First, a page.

An ambitious modernization agenda is beginning to transform the International Monetary Fund.
The world today is under stress. Crises like Covid-19 and climate change converge with social injustices and rapid technological advances. ‘Business as usual’ simply won’t work. Reaching that conclusion is easy enough: the challenge is exactly how to adapt, given so many uncertainties. One organization grappling with that question – and confronting the full force of the change dynamics at play around the world – is the International Monetary Fund, known as the IMF or simply the Fund.
The IMF was founded 77 years ago as a vehicle for reconstructing and stabilizing the international monetary system for countries devastated by war and economic imbalances. Today, with 2,400 employees, 190 member countries, and a $1 trillion lending capacity, it is a complex institution with enormous reach. Its work directly influences the lives of the citizens of its member countries. Like any institution with such longevity, the Fund has developed routines that inform how work gets done – but sometimes these practices can evolve into rigidities. Today, the Fund is focusing on modernizing its processes and operations to be more flexible and responsive to the needs of its member countries, helping them to deal more effectively with their stresses and strains.
Faced by such formidable challenges, many organizations focus on IT investments to drive change, neglecting the importance of human empathy. The Fund is different. Purpose and empathy are center stage. We at Duke CE have been fortunate to partner with the IMF on leadership development, providing an opportunity to observe the Fund’s transformation activities. We typically review change initiatives after the fact, but this is a story about change-in-progress.
Innovation and change
Gina Paone is head of the Fund’s Office of Innovation and Change (OIC). It was created by bringing together the existing Innovation and Change Management Units, with the aim of amplifying innovation and supporting change across the IMF. The new team supports departments and management in steering a prioritized portfolio of organizational changes and fostering a culture of innovation.
With a deep background in talent, learning and organizational development, Paone is helping transform the Fund by engaging its 2,400 employees in the change process. Like so many businesses and organizations around the globe, the IMF has been catapulted abruptly into the virtual world by the pandemic – but the OIC has been working for over 18 months on the Fund’s modernization agenda. Currently, five programmes make up the building blocks for a more modern workplace and more agile ways of working:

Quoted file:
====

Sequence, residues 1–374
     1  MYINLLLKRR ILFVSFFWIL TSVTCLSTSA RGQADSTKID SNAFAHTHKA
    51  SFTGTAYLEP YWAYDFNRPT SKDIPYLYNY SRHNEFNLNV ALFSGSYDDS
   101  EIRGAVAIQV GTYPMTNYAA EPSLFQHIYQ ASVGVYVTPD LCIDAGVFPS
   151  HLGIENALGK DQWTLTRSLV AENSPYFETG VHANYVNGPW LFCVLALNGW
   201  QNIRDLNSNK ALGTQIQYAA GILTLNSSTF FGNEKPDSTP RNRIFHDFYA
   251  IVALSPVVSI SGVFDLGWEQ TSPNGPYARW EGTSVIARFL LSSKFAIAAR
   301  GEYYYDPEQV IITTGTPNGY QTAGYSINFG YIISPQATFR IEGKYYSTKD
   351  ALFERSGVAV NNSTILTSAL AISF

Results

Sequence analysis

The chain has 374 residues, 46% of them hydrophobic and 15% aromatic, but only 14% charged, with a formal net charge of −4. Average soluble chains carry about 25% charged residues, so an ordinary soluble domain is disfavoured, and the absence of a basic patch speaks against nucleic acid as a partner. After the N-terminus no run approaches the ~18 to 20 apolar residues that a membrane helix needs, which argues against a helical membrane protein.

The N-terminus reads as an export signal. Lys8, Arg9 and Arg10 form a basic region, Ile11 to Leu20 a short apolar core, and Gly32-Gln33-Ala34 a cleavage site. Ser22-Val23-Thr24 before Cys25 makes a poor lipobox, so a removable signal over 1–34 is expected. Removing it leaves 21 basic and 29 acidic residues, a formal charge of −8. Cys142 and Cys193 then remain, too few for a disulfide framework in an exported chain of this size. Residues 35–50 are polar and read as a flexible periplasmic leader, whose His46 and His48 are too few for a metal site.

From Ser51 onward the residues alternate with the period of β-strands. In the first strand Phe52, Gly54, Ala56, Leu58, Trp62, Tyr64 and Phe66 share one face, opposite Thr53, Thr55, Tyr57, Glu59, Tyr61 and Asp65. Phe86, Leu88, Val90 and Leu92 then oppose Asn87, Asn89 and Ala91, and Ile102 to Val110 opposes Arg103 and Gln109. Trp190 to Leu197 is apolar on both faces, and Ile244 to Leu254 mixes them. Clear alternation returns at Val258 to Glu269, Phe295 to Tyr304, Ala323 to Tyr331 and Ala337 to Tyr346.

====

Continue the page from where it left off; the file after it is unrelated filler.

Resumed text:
- Transforming the HR system and operating model
- Reforming capacity development management and administration processes
- Creating an integrated digital workplace
- A next generation economic data platform
- Knowledge management
Let’s be clear: change initiatives of this magnitude are never easy and success is not assured. Given all the hard work involved, is change really necessary? One survey of 2,000 managers conducted in 2018, reported on hbr.org, revealed that 47% said they need to reinvent their businesses every three years or less just to survive. Early data for 2020 found the percentage had grown to 58% (‘Three Things You’re Getting Wrong About Organizational Change’, hbr.org, June 2020). Change is crucial to the long-term health of most organizations. Technology is often mistaken as the change itself, but the practical reality is that technology is an enabler of change. People are the driver of change. The reasons are self-evident: without the commitment of its people, any organization’s change initiative will struggle, if not outright fail. Boston Consulting Group (BCG) research indicates that 75% of change initiatives will not work; McKinsey suggests that 72% of failed change programs are the result of employee resistance. But there is good news too. Another BCG study of 40 digital transformations found that improved financial performance was five times greater for those organizations that emphasized culture compared to those that ignored culture during change efforts.
Don Jones of Experience IT identifies three variables that influence successful change: engaging people in the effort, developing processes fit for purpose, and having relevant technology. These variables tell a story of priorities. For change to succeed, people need to be engaged with the effort from the start so they can see how their work contributes; processes need to be aligned across the organization, not restricted within operating silos; and technology needs to be understood as the enabler, not the driver, of change. Each variable has resonance with the work under way at the IMF.